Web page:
SoFi’s Latest Acquisition Shows How It Plans To Dominate Fintech

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The banking landscape is governed by personalities such as Citigroup, Bank of America, Wells Fargo, JPMorgan Chase, and others. Small players like SoFi (NASDAQ: SOFI) made their mark against the big guys by identifying fragmentation and inefficiencies in the retail banking industry. Many of the services offered by older incumbents are archaic in nature and do not match the growing popularity of mobile-first services.

SoFi’s latest acquisition signals that the company is doubling down on its technology services that cater to this new class of customers. It also offers some clues as to how it plans to become the one-stop-shop for consumer-focused personal finance.

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Encourage underlying trends

SoFi originally started out as a lending business, and the majority of its revenue still comes from loan obligations. However, management has made a conscious effort to diversify its revenue sources and expand beyond lending in recent years.

About two years ago, SoFi acquired banking services company Galileo. This was a wise move by SoFi’s management, as Galileo’s technology platform paved the way for SoFi to expand its digital offerings. At the heart of the deal, SoFi combines Galileo’s APIs (application programming interfaces) with its own mobile platform, making it attractive to both Galileo’s business customers and Galileo’s consumer base. SoFi.

SoFi management compared its combination with Galileo as analogous to Amazon and its Amazon Web Services (AWS) cloud computing service. One side of the business features growing consumer activity, while the other side facilitates these consumers with a robust technology infrastructure.

The company’s financial statements for the year 2021 show that the company’s thesis is starting to take shape. For the year ended December 31, 2021, SoFi reported reaching 100 million Galileo accounts, up 67% from 2020 totals.

And investors can see the direct impact of the increase in the number of Galileo members on the income statement. In 2021, SoFi generated $194.9 million in revenue from its technology segment, a 102% increase over 2020. In comparison, the company’s flagship lending business generated $763.8 million. revenue, up 59%. Even though the lending segment is almost four times larger than the technology business, SoFi is adding new Galileo members at a staggering rate, which is helping to change the revenue mix.

Given the robust growth it’s generating through its tech business, it’s no surprise that SoFi recently announced another billion-dollar acquisition.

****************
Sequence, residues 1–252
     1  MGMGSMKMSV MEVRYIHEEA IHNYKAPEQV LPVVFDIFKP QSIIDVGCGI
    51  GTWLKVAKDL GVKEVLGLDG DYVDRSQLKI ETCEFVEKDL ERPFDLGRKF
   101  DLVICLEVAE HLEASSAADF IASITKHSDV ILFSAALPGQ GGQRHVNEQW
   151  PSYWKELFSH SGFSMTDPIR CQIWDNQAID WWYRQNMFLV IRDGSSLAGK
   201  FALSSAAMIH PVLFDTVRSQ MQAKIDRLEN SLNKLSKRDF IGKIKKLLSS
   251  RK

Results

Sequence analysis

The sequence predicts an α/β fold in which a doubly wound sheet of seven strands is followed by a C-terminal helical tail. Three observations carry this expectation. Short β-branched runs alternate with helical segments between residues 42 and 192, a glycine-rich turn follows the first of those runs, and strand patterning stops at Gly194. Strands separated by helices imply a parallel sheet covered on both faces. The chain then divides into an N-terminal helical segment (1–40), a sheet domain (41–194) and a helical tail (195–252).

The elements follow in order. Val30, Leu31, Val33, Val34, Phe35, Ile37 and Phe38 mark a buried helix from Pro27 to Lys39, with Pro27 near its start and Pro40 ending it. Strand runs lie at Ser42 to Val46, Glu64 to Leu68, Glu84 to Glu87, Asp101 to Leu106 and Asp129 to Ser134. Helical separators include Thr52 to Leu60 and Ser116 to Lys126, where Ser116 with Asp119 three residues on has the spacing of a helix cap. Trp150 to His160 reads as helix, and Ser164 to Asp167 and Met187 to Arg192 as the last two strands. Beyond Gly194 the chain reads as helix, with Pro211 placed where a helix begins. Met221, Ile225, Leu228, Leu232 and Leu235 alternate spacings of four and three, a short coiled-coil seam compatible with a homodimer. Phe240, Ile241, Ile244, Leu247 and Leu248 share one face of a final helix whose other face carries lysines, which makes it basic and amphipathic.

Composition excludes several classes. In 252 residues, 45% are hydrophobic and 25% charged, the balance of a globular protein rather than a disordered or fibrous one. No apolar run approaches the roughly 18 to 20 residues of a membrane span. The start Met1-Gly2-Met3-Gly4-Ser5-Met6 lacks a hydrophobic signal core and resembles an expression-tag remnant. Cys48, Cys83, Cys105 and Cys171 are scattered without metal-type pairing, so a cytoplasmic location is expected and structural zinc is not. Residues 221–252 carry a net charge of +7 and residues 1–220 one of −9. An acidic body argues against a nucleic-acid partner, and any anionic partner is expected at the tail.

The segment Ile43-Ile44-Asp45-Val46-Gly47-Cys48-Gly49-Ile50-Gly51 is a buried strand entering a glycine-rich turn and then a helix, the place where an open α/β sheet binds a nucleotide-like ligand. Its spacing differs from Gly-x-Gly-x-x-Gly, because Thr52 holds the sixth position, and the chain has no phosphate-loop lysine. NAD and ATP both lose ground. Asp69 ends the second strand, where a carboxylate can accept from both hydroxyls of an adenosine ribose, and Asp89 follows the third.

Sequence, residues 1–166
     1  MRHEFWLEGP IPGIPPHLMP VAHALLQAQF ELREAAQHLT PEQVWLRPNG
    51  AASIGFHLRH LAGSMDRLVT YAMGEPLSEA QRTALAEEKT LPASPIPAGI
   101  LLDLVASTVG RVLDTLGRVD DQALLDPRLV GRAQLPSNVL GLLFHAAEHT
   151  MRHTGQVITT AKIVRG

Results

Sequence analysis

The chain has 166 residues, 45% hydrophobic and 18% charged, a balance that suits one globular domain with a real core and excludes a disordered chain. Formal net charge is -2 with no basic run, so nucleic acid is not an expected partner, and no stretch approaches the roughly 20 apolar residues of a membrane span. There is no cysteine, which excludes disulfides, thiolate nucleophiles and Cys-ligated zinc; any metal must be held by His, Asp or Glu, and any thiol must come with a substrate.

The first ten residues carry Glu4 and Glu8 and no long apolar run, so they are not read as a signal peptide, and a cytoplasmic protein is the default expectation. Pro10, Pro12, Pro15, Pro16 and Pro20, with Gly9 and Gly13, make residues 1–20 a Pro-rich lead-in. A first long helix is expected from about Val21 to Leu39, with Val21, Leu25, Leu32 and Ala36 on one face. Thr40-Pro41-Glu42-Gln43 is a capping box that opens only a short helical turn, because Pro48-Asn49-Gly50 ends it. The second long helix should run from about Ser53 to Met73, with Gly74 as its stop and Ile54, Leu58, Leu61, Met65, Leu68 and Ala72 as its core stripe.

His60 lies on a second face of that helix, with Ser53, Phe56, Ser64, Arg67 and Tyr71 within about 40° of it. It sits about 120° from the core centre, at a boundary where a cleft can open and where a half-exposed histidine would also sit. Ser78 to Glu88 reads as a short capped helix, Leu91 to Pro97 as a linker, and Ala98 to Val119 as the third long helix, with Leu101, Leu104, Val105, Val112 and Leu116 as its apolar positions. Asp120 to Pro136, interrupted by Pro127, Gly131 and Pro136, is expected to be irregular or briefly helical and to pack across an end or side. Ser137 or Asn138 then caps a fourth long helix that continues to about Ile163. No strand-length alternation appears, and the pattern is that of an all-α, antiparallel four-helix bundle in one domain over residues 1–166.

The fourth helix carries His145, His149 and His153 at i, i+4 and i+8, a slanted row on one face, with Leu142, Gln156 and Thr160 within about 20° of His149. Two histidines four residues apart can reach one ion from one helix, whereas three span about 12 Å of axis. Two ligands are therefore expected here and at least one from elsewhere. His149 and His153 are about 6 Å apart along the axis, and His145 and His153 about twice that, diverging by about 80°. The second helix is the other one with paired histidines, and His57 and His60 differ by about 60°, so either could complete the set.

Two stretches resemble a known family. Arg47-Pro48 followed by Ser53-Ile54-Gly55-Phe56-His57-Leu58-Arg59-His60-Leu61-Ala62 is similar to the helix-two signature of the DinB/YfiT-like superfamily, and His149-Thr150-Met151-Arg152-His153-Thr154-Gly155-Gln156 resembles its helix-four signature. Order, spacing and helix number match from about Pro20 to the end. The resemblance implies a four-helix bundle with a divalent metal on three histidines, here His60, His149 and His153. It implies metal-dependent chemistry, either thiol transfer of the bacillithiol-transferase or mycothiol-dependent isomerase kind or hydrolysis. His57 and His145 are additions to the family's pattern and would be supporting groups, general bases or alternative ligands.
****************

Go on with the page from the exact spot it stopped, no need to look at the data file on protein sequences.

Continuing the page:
Another aggressive acquisition

In February, SoFi announced that it was acquiring Technisys SA for approximately $1.1 billion in an all-stock deal. Technisys adds a unique layer to SoFi’s already impressive technology stack, as the combination of its platform and Galileo will be able to support a variety of products such as checking and savings accounts, deposits, loans and credit cards, all made available via API option.

Management expects the acquisition to serve as a catalyst for SoFi’s revenue growth. According to the company’s press release, management estimates that incremental revenue from the acquisition will be between approximately $500 million and $800 million per year through the end of 2025.

Although mergers and acquisitions (M&A) can present operational challenges, SoFi has already laid out its roadmap for achieving seamless integration. The company explained that as it migrates from its current multiple third-party cores to the Technisys core it now owns, SoFi should be able to offer its members greater customization.

In a press release following the acquisition, management said “the vertical integration with Galileo will create approximately $75-85 million in cumulative cost savings from 2023-2025 and approximately $60-70 million per year thereafter.

Investors should feel encouraged by this acquisition. Not only does SoFi expect even greater revenue growth from the technology side of its business, but the company also expects to generate even greater margin expansion given the overlapping infrastructure and synergy opportunities with Galileo.

Keep an eye on the valuation

SoFi’s market capitalization is around $7 billion. While there are plenty of reasons to be excited about this transaction, investors should keep the acquisition price in mind. The $1.1 billion cost represents about 15% of SoFi’s current market capitalization. In addition, since the company is financing the entire operation in shares, the shareholders will see their share diluted.

SoFi presents a unique opportunity to invest in an industry ripe for innovation and disruption. Yet as the stock hovers near its 52-week low – despite growing its revenue at an impressive pace across its various verticals – it remains unprofitable. And since the full potential for Galileo and Technisys’ earnings is likely years away, some investors may be looking for safer and more stable investment opportunities. It may be more prudent for investors to assess future earnings, the progress of the Technisys integration and the company’s path to profitability before initiating a position.

This article represents the opinion of the author, who may disagree with the “official” recommendation position of a high-end advice service Motley Fool. We are heterogeneous! Challenging an investing thesis — even one of our own — helps us all think critically about investing and make decisions that help us become smarter, happier, and wealthier.